Why she’s a 2022 Top 40 Under 40: Jiami Guo’s research into the role of cilia in brain development has earned international acclaim from the New York Stem Cell Foundation.
Rebel probably isn’t the description you’d expect for an accomplished cell biologist. But it’s fitting for Jiami Guo. “I don’t like to be told what to do,” she says.
This scientist with a specialty in cilia — tiny antennae-like structures in most cells — was a self-described “mediocre student” throughout her high school and university degrees in China. She struggled to get a scholarship to study in North America, but lucked out when another student passed up a spot at Ohio’s Kent State University.
Guo went on to complete her PhD at Kent State. She didn’t have a single publication during that time, but an advisor in North Carolina took her on as a post-doctoral fellow — a move that changed her life.
Guo has always been inspired by her father, a writer in China. He encouraged her to remain an independent thinker. “I’m very curious. I want to constantly explore the unknown things,” she says.
That’s how she ended up in an emerging field: Cilia used to be considered evolutionary remnants of little significance, but, in the last decade, scientists learned that mutations in cilia-related genes lead to serious disorders. Guo, who moved to Calgary four years ago, discovered that cilia instruct the development and connection of networks in the brain, suggesting that cilia play a role in neurological disorders.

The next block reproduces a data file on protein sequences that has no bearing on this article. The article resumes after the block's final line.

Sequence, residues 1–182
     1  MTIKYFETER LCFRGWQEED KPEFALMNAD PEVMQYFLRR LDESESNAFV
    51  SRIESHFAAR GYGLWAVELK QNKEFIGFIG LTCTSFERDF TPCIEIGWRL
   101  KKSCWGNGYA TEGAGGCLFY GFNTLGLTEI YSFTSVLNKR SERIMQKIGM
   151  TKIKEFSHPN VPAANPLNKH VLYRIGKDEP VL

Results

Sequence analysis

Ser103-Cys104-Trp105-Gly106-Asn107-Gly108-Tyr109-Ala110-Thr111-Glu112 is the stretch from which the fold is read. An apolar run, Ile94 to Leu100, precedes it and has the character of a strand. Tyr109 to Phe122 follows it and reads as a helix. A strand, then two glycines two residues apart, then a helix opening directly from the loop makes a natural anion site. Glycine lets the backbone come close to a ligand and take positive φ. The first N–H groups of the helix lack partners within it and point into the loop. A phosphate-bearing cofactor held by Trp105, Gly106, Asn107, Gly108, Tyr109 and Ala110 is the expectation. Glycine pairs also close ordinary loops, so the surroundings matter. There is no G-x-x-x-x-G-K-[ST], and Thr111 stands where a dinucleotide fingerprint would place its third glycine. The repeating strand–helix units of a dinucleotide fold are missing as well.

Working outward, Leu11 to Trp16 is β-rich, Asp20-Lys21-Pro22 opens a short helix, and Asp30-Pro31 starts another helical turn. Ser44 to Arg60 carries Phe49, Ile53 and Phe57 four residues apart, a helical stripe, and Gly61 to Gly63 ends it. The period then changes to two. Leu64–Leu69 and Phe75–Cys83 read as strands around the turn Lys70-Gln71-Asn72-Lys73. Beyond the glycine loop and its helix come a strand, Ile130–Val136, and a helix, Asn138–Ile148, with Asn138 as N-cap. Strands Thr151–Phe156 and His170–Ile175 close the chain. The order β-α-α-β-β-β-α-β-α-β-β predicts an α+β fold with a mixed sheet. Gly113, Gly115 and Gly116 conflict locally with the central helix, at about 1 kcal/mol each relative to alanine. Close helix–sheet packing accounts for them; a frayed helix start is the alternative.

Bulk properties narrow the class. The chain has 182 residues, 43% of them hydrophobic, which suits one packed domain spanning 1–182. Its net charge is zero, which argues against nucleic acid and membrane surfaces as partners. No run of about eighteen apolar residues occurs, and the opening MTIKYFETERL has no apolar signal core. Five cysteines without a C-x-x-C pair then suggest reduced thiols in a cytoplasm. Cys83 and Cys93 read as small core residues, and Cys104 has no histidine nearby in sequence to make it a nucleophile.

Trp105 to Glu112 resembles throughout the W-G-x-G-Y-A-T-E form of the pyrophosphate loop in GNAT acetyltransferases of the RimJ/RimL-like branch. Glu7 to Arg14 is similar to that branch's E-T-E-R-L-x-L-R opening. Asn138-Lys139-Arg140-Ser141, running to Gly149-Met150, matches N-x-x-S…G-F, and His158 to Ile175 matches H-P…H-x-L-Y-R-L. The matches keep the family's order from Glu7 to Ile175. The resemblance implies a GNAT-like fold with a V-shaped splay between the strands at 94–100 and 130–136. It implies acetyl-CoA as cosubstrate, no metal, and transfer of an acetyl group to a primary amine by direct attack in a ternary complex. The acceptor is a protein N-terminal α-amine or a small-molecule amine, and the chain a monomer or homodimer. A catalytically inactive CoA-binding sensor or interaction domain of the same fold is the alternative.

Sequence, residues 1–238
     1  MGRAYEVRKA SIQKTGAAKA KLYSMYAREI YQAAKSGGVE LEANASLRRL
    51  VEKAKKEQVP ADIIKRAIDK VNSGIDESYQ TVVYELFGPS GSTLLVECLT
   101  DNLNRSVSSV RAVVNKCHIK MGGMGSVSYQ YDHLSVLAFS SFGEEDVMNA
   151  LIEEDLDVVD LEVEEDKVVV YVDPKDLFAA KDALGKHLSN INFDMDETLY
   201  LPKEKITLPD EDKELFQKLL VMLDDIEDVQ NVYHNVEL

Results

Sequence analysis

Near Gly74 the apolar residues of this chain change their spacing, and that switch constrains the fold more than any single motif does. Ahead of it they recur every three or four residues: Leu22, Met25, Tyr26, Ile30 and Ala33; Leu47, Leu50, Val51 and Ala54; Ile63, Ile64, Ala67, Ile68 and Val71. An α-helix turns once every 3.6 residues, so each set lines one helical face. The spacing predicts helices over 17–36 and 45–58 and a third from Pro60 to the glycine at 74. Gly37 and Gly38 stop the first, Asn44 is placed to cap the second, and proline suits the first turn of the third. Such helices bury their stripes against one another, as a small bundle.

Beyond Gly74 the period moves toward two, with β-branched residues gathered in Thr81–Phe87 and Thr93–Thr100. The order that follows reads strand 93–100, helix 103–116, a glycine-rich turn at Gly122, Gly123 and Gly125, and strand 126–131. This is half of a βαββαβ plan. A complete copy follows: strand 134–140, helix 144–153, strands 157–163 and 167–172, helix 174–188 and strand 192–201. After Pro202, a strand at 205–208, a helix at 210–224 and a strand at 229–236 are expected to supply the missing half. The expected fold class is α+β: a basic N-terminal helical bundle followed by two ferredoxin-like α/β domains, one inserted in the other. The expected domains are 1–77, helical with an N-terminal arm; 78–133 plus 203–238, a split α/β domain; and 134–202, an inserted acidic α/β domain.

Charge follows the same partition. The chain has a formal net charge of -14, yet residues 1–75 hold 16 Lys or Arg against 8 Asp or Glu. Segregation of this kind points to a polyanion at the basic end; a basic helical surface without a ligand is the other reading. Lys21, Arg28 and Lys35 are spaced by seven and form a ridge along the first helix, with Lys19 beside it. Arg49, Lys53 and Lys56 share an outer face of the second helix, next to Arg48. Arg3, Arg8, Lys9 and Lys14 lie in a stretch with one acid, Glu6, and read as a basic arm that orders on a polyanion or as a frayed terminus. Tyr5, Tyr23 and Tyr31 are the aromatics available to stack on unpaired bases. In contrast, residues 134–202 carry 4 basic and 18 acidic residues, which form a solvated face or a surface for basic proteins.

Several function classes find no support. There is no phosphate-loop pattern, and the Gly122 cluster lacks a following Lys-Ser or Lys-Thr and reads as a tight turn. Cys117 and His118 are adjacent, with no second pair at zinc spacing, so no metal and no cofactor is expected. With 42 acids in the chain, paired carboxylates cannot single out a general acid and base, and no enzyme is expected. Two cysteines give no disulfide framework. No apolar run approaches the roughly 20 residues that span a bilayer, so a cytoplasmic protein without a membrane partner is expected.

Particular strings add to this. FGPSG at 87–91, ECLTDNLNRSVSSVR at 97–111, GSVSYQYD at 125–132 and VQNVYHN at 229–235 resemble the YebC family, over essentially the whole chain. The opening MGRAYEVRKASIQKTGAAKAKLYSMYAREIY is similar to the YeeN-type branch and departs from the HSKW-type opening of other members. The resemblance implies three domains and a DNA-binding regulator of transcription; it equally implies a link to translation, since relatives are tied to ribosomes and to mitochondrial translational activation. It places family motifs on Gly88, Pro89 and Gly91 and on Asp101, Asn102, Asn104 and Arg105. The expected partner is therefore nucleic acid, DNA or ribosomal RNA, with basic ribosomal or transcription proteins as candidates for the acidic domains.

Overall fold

Her work has attracted more than $3.5 million in grants, and, in 2020, she was the first person in Canada to receive the New York Stem Cell Foundation’s prestigious Robertson Neuroscience Investigator Award, a program that identifies and supports promising early career scientists whose cutting-edge research shows potential for treatments and cures. Guo has now co-authored 12 publications in major journals, including four that significantly advanced understanding of cilia.
“For things that I love, I pour 100 per cent of myself into it,” she says.